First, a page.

Song Doctor Blog
Read how to write better songs
Prefacing a blog post on creative writing I enjoyed by Willow Love Little was this pearler from Hemingway
It’s none of their business that you have to learn to write. Let them think you were born that way. Ernest Hemingway
A central thought was that intensive study of great and canonical works of literature highlights artistry and cultural context but fails to study the manuscript as process. There is ‘no glimpse behind the curtain’ at the effort, drafts, self doubt and rejections that go into the final texts.
The piece argues that while the idea that successful writers are born full of unadulterated talent is attractive, it denies the efforts that have gone into artistic development, that glamourising the creative process ultimately makes it more difficult to create.
Far less sexy to study the morass of cul de sacs, flops and inevitable duds that are as part and parcel of creation. That artistic endeavour has many more misses than hits and that craft, technique and experience are necessary to an artist’s personal growth and ultimate expression is perhaps less attention grabbing than the myth of being an overnight sensation.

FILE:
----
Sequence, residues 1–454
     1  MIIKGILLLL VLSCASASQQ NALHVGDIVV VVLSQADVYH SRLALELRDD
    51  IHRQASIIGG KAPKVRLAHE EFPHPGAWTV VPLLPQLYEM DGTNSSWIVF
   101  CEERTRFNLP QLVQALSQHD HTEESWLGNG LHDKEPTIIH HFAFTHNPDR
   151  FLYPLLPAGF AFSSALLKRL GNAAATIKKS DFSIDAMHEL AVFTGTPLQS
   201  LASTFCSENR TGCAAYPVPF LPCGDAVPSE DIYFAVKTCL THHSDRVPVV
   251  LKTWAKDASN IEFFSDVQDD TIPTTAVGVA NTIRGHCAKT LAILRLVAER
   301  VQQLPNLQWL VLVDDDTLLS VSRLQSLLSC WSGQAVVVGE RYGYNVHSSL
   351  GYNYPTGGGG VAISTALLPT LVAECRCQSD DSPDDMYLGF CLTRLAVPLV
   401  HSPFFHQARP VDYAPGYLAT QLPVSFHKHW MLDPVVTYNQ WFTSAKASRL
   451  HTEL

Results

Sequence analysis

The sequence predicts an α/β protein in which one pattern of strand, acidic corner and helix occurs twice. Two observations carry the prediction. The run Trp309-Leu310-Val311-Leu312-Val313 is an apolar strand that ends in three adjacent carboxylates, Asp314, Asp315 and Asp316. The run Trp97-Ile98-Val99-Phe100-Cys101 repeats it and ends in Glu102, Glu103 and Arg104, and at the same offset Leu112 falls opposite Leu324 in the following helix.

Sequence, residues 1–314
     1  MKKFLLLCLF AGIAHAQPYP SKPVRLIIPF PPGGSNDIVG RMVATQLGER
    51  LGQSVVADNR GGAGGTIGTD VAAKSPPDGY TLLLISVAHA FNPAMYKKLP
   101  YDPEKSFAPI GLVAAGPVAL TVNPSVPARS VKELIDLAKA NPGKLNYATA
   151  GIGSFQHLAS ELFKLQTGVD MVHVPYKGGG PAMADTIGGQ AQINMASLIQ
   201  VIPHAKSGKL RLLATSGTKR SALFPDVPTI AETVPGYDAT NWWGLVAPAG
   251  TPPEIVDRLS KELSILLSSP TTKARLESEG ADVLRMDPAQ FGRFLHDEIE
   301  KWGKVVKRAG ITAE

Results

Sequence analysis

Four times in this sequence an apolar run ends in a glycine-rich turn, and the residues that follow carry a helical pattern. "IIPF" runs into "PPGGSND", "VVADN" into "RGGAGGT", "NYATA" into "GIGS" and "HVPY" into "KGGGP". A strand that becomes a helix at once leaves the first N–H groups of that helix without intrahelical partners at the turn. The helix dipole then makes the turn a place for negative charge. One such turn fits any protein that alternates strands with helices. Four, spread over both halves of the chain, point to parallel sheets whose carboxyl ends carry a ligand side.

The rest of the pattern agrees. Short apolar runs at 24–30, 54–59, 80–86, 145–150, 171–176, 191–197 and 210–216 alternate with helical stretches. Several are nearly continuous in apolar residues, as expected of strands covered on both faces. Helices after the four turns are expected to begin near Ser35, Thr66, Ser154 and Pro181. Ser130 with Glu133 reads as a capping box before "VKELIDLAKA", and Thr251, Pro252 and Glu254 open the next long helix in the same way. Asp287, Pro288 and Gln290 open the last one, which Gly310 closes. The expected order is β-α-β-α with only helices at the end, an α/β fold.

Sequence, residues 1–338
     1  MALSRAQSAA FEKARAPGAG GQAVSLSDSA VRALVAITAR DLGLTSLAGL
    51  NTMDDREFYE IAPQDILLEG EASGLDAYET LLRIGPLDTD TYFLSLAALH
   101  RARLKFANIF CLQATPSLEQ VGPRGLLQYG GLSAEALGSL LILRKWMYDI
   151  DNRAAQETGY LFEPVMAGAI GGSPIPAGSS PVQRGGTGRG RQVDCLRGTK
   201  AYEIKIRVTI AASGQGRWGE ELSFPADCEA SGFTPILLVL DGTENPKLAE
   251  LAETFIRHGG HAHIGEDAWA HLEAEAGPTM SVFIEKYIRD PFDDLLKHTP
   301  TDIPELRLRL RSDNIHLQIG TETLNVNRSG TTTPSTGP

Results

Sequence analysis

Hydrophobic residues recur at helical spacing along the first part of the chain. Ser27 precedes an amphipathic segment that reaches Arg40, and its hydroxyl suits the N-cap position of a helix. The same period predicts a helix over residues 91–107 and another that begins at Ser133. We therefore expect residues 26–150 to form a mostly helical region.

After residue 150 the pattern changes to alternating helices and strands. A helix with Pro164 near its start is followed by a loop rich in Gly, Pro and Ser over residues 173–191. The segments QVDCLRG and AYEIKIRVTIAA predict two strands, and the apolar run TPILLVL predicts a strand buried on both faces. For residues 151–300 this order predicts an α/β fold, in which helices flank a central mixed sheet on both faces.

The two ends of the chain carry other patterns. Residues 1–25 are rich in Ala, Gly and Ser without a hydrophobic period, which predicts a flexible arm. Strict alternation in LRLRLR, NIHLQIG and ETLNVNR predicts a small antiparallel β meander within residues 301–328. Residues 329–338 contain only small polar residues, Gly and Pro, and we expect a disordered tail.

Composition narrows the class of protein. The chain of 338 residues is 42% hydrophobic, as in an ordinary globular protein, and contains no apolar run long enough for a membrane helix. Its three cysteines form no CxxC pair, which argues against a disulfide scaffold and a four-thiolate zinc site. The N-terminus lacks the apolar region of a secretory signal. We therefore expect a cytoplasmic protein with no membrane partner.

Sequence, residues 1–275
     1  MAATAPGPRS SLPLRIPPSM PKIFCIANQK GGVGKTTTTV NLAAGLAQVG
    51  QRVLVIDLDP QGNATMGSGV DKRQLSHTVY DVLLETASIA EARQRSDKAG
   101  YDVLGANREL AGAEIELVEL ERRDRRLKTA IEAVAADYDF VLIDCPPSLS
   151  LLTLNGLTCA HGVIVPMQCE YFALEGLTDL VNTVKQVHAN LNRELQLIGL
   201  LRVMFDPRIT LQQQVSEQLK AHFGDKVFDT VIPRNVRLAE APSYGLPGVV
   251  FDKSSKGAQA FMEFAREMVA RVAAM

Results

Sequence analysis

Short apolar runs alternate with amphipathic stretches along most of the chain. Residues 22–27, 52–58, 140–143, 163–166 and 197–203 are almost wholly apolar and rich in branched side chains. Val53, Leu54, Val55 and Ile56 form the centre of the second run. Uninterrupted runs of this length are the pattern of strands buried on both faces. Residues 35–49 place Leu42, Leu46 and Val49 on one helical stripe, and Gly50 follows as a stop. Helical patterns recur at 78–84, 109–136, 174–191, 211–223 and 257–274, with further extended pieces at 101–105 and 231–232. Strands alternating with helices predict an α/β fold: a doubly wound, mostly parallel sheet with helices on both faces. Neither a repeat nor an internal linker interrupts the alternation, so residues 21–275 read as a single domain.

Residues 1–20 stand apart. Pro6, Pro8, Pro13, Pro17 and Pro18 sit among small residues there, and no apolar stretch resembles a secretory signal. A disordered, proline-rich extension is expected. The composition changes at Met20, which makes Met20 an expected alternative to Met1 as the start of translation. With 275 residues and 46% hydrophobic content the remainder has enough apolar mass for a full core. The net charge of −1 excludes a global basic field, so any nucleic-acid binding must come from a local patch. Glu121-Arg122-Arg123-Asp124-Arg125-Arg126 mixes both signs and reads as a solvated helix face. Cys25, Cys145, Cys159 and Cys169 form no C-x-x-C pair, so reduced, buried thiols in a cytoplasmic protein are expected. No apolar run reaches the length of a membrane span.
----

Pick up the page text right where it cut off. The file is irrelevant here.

For artists who don’t create or interpret in front of live audiences – painters, songwriters, producers, authors, filmmakers - artistic effort can be less immediately calculable than performance artists. How many pirouettes can the dancer do – how high can the soprano sing. There’s the concept of ‘10,000 hours’ as a tipping point to achieving mastery propounded by Malcolm Gladwell in his book Outliers and although the ‘magic number’ been challenged as a simplification, there’s food for thought in considering what that approach as a writer – specifically a songwriter – might do.
Or are you just born that way?
Talk more soon
ps final 3 spots left for Tahora Songwriting Retreat 17- 20 January 2020. Grab yours.